You can use your choice of lubricant with plastic sex toys. Just watch out for extremely low-priced plastic toys, as I’ve found several with jutted seams present, and badly finished battery compartment areas. Sometimes you just get what you pay for.
Metal Sex Toys
Some of my favourite dildos are made from metal (and glass, we’ll get to that next). This cold, inflexible material can be shaped with contours or smoothly to provide a glidingly gorgeous penetrative experience. Njoy sex toys are top of my list when it comes to metal sex toys, they’re divine.
You can use whatever lubricant you like with metal sex toys –just be careful you don’t drop them as they tend to be weighty and you’ll risk a bruised toe or worse! You can warm up or cool down metal (and glass, stone and ceramic) sex toys before use, by placing the toy into cold or warm (never hot or boiling) water.
Some metals that your sex toy may be made of include stainless steel, aluminium or even precious metals such as titanium, silver and gold. Lower quality (& cheaper) metal sex toys can be made with alloys; mixtures of tin, nickel and others. Some people are sensitive to these so make sure you know exactly what your metal sex toy is made from before you purchase.
Glass Sex Toys
Glass sex toys are often incredibly beautiful, and I have several glass dildos which are almost like works of art to be displayed on the mantel, rather than stored away under the bed. You can use your choice of lube with glass sex toys, the material won’t be affected no matter which one you use. You can also cool down or warm up glass sex toys before use for exciting temperature play options. Or a sexy alternative to the old electric blanket in winter!
A lot of people have told me in the past that they’re scared of glass sex toys, so much so that I wrote about why you don’t need to be frightened about using glass sex toys. They’re solid, they won’t break or shatter, they’re not sharp. They’re made with borosilicate glass, the same type Pyrex cookware is made from. Resilient indeed! Some glass sex toys are smooth, others are rippled, dotted or contoured for exciting stimulation options. I think everyone should own & experience at least one glass sex toy.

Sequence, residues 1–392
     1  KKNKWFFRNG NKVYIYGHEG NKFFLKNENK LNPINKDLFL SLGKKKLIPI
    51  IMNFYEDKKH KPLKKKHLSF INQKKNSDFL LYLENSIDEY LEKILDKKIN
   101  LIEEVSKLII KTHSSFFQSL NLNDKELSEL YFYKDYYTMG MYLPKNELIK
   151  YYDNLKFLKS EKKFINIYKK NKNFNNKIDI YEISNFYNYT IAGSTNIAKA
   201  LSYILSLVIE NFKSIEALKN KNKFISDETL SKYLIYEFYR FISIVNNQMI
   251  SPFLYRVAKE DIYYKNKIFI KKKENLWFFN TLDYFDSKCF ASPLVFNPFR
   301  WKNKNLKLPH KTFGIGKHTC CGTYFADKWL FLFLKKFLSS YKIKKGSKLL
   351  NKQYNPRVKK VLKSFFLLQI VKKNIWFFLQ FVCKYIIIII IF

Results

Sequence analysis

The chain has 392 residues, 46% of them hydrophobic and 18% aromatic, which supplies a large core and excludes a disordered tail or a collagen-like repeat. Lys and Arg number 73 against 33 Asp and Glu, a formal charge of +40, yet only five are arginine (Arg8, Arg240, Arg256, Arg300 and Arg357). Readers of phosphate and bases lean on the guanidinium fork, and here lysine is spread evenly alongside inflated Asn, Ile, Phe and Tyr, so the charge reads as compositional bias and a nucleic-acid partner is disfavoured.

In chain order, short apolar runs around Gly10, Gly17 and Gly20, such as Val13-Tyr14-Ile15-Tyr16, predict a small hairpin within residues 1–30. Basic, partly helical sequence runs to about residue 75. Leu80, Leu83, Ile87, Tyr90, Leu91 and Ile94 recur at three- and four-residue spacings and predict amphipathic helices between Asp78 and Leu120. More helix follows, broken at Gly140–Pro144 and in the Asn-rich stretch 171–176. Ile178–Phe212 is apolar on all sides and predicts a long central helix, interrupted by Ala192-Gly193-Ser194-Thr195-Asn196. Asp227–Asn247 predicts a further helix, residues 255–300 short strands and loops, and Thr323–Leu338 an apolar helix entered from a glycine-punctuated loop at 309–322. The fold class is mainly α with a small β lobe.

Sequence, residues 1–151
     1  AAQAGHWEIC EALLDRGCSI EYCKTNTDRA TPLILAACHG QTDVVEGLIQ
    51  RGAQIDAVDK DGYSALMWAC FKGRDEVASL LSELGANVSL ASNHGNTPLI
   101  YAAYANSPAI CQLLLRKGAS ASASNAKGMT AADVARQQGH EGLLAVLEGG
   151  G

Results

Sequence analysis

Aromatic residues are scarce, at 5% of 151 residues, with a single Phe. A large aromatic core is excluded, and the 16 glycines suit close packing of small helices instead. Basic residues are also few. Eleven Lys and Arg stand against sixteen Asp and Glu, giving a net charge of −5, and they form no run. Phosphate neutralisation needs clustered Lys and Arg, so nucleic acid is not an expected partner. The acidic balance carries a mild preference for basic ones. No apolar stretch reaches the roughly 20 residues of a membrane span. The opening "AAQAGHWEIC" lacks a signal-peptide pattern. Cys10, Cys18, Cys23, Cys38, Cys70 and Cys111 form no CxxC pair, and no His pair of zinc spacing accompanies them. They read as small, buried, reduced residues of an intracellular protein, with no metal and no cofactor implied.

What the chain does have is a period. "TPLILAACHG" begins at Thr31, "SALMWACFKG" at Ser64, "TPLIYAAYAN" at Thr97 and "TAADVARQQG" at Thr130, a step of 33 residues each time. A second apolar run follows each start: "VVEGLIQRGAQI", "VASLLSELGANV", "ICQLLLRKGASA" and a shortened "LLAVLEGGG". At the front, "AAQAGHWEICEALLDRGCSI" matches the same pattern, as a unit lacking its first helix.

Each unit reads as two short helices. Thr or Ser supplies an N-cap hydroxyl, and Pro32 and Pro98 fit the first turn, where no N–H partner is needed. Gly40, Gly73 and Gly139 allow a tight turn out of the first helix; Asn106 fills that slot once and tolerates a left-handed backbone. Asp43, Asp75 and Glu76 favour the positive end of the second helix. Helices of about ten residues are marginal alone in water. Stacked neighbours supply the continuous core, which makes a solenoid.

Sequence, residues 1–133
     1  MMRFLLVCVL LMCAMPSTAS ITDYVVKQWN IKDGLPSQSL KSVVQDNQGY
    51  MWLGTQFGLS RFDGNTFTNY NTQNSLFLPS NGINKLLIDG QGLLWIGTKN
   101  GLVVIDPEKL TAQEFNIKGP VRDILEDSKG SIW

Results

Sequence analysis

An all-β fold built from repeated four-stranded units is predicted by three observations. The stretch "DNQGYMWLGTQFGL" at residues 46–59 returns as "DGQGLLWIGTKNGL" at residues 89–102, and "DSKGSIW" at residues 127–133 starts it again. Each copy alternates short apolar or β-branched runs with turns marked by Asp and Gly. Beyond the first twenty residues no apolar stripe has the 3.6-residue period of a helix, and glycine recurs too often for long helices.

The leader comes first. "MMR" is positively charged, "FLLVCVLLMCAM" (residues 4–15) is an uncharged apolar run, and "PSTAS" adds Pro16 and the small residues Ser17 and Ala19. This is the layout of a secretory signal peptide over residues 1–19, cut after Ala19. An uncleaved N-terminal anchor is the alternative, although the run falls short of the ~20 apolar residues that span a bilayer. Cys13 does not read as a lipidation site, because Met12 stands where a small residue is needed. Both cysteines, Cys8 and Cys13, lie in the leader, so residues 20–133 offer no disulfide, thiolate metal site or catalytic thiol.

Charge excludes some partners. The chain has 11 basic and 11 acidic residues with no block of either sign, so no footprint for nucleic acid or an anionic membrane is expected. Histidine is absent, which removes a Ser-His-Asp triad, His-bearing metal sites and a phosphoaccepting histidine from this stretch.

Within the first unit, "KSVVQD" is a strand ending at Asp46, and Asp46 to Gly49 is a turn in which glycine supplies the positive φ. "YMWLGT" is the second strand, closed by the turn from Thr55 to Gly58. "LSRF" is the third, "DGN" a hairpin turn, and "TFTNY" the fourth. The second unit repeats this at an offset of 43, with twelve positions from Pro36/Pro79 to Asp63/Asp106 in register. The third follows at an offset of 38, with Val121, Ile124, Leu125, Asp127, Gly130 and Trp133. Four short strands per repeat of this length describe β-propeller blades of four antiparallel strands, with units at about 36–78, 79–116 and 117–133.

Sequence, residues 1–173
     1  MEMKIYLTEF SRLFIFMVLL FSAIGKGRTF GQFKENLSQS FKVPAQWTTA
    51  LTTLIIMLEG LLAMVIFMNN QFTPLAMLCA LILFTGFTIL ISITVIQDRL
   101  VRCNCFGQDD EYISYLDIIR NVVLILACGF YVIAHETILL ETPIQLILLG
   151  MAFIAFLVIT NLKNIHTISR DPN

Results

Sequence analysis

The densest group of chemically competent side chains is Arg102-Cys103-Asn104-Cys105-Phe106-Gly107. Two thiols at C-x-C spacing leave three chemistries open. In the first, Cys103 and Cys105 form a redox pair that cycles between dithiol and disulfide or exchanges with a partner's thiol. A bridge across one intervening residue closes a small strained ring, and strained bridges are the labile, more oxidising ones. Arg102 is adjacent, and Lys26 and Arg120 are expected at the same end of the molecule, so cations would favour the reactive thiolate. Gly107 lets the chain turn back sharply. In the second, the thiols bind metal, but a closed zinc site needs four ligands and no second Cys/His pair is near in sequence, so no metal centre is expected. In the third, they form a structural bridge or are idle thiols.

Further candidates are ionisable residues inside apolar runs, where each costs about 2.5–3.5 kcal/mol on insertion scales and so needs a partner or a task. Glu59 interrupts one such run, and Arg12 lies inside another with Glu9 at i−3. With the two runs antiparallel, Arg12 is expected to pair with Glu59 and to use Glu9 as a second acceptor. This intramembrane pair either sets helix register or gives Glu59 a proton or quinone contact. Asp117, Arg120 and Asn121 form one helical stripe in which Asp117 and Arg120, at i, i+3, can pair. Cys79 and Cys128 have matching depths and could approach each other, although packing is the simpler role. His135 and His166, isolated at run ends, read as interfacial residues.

Stone Sex Toys
These smoothly contoured pleasure pieces are made from beautiful natural stone and polished to a seamless, frictionless finish. The natural sparkle from the stone used lends an artisanal quality, and just like metal and glass sex toys, stone dildos can be warmed or cooled before use for temperature play options.
You can also use your choice of personal lube with these rigid, non-porous, body-safe sex toys.
Ceramic Sex Toys
Ceramic sex toys are a little different from the other inflexible non-porous sex toy materials I’ve mentioned (metal, glass and stone), because they may be entirely solid or they may be hollow. Despite being safe to use externally and internally, ceramic sex toys would obviously fracture or shatter if dropped from a height on to a hard floor, so you need to be careful where and how you use them.
Used carefully, ceramic sex toys are wondrous objects of pleasure which respond well to both water based and silicone lube (or your choice of personal lube) and which can be gently warmed or cooled before use using a bowl of water. Some styles have a hollowed area which can be filled with cool or warm water so provide ongoing thrills during internal use.
Finished with a body-safe glaze, ceramic sex toys are non-porous and body safe –as well as beautiful objects you’ll truly treasure.
Wood Sex Toys
Another persistent myth in the world of sex toys is that wooden sex toys will give you splinters… No, not if they’re made correctly and you purchase from a reputable supplier! Sensual shapes are carved and contoured, sanded and safely varnished to give an extremely smooth finish. These body-safe sex toys are often lighter in weight than their metal, glass or stone counterparts, making them supremely comfortable to keep hold of during use.
Whether wooden sex toys are porous or not is a difficult question to answer definitively, for all wood sex toys out there. It all depends on the exact finish used for the wooden sex toy in question. best practice is to avoid any wooden sex toys which state a ‘natural finish’ or which are simply coated in oil. These will either be porous or the oil layer will wear away over time. Top quality wooden sex toys are coated with a medical grade polymer which is used for medical equipment. It’s anti-bacterial, resists moisture and is hypoallergenic.
You need to be sure of exactly how your wooden sex toy is finished, and what coating it has, before purchase and use.
Porous Sex Toy Materials
PVC Sex Toys